An interesting survey was released yesterday by Google Switzerland, IBM ISS and the Computer Engineering and Networks Laboratory of the University of Zurich, which provides the first systematic study of the browser data from around 1.4 billion Google users during the first half of 2008. They analysed Google’s client version data and correlated this with vulnerability data from sources such as Secunia’s PSI, in an attempt to assess how many vulnerable browsers were in circulation at a particular time.

The results are very interesting, with Internet Explorer taking 78% (1.1 billion) of the browser share and Firefox getting 16% (227 million). Drilling down deeper into the IE market share shows roughly half of IE users have now moved to IE7, whilst most FF users run the latest release. More worryingly, less that 50% of IE uses had the most secure version of their browser (rising to 83% in FF). For the month of June 2008, the authors suggest that over 45% web surfers (roughly some 637 million people) accessed Google with a browser that contained unpatched security vulnerabilities. There is also some interesting analysis of the exposure to plugged in as well as inbuilt vulnerabilities, plus some good recommendations for potential improvements to web browser security. In particular, the concept of web sites checking a browser’s agent strings and displaying a highly visible “expiry date” warning on every page (in an attempt to enforce a maximum shelf life) is worth further investigation.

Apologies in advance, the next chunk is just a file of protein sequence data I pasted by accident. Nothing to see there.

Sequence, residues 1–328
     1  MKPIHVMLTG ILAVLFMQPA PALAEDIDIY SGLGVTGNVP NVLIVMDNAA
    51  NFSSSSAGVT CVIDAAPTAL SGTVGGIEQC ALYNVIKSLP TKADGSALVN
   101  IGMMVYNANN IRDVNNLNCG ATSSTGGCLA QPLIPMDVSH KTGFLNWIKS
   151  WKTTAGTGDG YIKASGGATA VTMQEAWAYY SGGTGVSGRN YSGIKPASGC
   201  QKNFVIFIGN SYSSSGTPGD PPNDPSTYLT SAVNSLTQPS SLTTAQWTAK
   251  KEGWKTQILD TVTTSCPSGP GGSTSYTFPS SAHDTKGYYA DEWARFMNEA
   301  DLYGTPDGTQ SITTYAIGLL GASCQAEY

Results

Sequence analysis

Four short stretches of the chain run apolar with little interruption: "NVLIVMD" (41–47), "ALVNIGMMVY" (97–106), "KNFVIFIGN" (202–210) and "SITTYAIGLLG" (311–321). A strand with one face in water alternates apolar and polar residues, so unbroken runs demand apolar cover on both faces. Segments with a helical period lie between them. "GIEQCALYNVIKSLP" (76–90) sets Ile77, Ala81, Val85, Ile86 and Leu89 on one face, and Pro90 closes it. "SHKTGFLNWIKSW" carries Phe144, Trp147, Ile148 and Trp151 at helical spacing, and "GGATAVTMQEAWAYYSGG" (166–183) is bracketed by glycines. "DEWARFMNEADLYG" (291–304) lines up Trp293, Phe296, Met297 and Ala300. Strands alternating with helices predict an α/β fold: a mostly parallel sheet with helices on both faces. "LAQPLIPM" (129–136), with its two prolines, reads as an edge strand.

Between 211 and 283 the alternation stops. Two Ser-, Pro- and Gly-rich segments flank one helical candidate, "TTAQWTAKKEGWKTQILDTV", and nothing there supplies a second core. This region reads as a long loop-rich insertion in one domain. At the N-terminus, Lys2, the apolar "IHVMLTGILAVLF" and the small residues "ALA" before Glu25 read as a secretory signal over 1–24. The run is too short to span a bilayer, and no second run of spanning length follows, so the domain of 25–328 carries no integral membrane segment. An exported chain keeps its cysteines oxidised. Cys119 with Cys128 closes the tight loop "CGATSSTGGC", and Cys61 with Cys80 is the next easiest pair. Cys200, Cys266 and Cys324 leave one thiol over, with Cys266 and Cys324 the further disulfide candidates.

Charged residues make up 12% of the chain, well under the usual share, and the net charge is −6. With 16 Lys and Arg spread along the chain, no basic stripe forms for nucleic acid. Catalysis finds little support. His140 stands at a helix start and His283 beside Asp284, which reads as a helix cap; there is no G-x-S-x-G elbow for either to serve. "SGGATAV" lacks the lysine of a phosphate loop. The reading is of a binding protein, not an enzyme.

The very welcome paper is definitely worth a read, but is unlikely to cause too much immediate worry to the cyber criminals who are actively targeting web users through the thousands of mass compromised web servers, phishing emails and instant message spam we encounter each day.

FIRST 2008

Tuesday, July 1st, 2008

The Honeynet Project were asked to present at the 20th FIRST conference in Vancouver last week, as part of their Network Monitoring Special Interest Group on Fast Flux Service Networks. We set up a two hour session broken down into three equal sections:

  1. An introduction to the basic mechanics of fast flux (David Watson, UKHP)
  2. Current ATLAS fast flux statistics (Jose Nazario, Arbor)
  3. Detection and mitigation (Christian Gorecki, University of Mannheim)

The NM-SG session was open to FIRST members only, so the slides are not publicly available, but we hope to have a public release of similar material shortly. We had a number of questions, and feedback from the attendees seems to have been positive.

There were three additional short demos:

  1. Florian Weimer of RUS-CERT showed some new passive DNS tracking information
  2. Tillmann Werner from the German Giraffe Honeynet Project Chapter demonstrated how Honeytrap, LibEmu and Nebula can be used to analyze unknown attacks, which is looking very promising as a long term replacement for Nepenthes
  3. Piotr Kijewski of the Polish CERT/NASK gave a brief demonstration of their still under development HoneySpider web interface, which shares many of the features of client honeypot systems that we are currently working on but instead uses Java and Rhino instead of Python and SpiderMonkey

Overall it was an interesting event, with some good talks and lot of opportunities to meet up with a different group of people very active in the security operations and incident response fields. Quiet a few Honeynet Project members were also present, which always encourages a little extra R&D discussion. Hopefully we’ll see some spin off activity in the coming weeks.

Many thanks to Carol Overes from GovCERT in Holland for the invite.